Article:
Superbowl ads are a spectacle. An estimated 100 million viewers tune in. Rather than watch, I listened to the exciting game on the Echo Dot. Chiefs' games typically are suspenseful.
No sooner had the game concluded than news outlets were opining about the Trump ad in which Alice Marie Johnson is free to hug her family and start over. She receiving a commuted sentence by Trump after she served 21 years of a life sentence for conspiring to possess cocaine, attempted possession of cocaine, and money-laundering. The ad states that thousands of families are being reunited with incarcerated loved ones and that Trump is accomplishing criminal justice reform.
Critics say Kim Kardashian West lobbied for Johnson’s release in 2018 and enlisted a team of appellate lawyers to work on her case, which led to an Oval Office meeting with Trump. Of Trump’s six commutations granted as of when Ms. Johnson was freed, two had been celebrity commutations.
The previous celebrity commutation was pled to the president by Sylvester Stallone, on behalf of a boxer who had already passed away. Celebrity commutations: Is that a thing? Maybe there is a special category for high-profile ‘Celebrity Crimes’ and celebrities are not actually replacing attorneys for advocacy work.
Sheriff Joe Arpaio, aka "America’s Toughest Sheriff," was granted clemency. He was actually a former sheriff, having been voted out of office after garnering $140 million in lawsuits, mostly for civil rights violations and law enforcement misconduct proceedings, self-dealing and political abuse of power. Arpaio is claimed to have been malfeasant in some 400 rape and molestation cases. He arrested two journalists who opposed him politically. Due to lack of space, let's just say he was bold and controversial. Attorneys use this saying to describe clients who get into compound legal trouble: “Get in line.” As if 3,500 past lawsuits are not enough to badge Trump with “Get in line,” he will be facing the bulk of the Mueller Report prosecutions coming out of his own Justice Department once he leaves office, from the prosecutions that cannot be charged against a sitting president but which may, under the Constitution, be charged against a former president.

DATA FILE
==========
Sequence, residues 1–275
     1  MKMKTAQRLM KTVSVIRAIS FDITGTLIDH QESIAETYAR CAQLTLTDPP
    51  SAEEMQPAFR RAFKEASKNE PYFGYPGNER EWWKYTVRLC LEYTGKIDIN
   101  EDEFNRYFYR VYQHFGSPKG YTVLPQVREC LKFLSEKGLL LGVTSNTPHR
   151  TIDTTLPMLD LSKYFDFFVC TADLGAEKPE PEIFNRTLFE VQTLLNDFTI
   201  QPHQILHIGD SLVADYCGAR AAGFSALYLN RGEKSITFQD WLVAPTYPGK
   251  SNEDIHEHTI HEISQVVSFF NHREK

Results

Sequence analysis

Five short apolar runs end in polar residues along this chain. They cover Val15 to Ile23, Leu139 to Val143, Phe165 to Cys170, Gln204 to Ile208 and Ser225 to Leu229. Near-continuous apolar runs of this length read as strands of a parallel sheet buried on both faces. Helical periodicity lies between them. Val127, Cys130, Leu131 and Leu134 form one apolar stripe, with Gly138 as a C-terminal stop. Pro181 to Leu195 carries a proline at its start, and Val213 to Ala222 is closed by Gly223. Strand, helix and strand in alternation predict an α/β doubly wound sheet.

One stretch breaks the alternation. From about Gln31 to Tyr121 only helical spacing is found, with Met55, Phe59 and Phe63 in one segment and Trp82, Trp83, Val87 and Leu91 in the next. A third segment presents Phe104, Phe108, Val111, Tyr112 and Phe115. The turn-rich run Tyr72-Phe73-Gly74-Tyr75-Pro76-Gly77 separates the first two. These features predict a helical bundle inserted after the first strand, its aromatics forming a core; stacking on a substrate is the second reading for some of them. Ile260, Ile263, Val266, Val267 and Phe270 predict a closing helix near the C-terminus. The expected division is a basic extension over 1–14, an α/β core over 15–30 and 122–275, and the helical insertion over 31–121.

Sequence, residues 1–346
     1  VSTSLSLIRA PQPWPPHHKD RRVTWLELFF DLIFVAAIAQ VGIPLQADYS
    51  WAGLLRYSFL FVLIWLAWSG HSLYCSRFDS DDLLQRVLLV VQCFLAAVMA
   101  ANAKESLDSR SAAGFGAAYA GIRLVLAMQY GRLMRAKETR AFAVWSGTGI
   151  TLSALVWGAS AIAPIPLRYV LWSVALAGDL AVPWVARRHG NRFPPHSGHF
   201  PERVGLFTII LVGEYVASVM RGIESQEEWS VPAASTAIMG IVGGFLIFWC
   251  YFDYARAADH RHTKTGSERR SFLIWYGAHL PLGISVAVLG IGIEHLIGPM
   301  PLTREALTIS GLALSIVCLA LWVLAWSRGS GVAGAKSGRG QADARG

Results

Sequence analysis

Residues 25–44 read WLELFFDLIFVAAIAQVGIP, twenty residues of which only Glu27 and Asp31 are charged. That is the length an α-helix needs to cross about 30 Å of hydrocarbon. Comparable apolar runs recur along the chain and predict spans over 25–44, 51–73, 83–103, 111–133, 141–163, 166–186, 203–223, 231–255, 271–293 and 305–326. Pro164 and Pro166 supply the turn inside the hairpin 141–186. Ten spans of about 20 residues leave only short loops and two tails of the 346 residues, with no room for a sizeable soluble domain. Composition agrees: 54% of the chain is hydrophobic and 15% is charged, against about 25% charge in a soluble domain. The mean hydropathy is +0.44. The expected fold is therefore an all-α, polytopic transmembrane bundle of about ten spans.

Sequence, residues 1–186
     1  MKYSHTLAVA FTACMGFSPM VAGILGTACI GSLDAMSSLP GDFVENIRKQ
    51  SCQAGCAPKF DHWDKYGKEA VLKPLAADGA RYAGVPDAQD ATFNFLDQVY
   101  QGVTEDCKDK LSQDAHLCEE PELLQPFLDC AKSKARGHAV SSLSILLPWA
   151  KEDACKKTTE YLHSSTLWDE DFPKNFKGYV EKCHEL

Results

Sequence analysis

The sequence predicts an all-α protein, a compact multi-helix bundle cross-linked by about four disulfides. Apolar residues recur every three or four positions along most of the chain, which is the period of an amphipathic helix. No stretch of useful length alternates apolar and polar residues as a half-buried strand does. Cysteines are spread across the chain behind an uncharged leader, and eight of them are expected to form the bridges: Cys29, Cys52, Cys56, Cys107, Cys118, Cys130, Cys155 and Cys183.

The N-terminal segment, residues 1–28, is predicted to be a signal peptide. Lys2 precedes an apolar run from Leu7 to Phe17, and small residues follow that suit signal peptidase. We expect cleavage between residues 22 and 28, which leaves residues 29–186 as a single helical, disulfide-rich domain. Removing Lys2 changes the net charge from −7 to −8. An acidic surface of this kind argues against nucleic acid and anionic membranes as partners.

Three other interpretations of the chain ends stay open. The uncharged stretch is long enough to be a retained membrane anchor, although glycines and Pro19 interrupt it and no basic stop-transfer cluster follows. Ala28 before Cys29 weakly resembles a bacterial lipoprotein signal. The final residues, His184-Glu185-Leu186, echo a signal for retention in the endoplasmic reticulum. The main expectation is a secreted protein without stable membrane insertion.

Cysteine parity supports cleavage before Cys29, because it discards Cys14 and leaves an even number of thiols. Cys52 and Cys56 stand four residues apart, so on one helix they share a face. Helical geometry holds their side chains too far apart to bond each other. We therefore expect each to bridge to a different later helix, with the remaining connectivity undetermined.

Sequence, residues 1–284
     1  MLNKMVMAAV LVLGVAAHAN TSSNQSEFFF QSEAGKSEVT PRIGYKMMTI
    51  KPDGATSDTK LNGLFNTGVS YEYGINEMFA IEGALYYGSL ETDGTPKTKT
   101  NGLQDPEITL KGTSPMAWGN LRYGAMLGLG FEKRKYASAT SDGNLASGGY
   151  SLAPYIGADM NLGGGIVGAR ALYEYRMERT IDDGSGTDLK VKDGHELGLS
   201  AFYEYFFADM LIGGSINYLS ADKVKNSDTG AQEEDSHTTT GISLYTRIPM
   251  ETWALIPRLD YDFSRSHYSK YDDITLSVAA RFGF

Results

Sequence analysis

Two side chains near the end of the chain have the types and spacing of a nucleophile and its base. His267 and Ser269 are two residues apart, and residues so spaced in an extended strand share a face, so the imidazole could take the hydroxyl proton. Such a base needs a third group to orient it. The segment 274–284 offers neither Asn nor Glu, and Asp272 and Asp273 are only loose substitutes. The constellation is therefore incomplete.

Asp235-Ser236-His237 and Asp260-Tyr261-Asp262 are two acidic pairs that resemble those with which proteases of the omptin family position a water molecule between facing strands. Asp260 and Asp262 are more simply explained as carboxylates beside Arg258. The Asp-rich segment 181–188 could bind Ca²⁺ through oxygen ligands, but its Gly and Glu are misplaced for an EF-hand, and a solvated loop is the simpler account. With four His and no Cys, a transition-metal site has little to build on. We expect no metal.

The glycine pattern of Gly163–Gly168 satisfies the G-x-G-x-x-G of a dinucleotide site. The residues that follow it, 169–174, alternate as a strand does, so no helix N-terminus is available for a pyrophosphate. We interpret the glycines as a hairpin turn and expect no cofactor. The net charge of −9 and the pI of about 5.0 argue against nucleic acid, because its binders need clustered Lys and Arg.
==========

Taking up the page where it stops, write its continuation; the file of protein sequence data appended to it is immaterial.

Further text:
Former Vice President Dick Cheney's chief of staff, I. Lewis "Scooter" Libby, was serving 30 months and paying $250,000 after being prosecuted for multiple obstruction of justice crimes. Scooter’s charges were related to outing CIA operative Valerie Plame Wilson, wife of a U.S. ambassador, in retaliation for whistleblowing information weakening the grounds for invading Iraq.
Dinesh D’Souza is an author, filmmaker, and conspiracy theorist, often described as a far-right political provocateur. He was prosecuted for felony political campaign law violation after donating $20,000 to a New York state Senate campaign. He claimed everybody does it, he didn’t know it was illegal, and the law was selectively enforced. But when he couldn’t prove "everybody does it," he was sentenced to eight months in community incarceration, five years on probation and a $30,000 fine. He was pardoned by Trump.
Commuting one symbolic black person is a clumsy campaign tactic intended to engender black voters, of whom about 60 percent of eligibles voted in 2016, and who comprise about 12.5 percent of voters. Reuniting thousands of families is disingenuous in light of the humanitarian crisis created by Trump’s “Zero Tolerance” policy on the Southern border. Individual pardons are not criminal justice reform.
Critics remember Trump’s Central Park Five ad, and how he badgered Colin Kaepernick. Never forget that "Black Lives Matter" and "Thin Blue Line" were bottled into divisive conflicts to make Trump seem electable.
Kathy Tibbits is a Cherokee citizen, attorney, and artist living at Lake Tenkiller.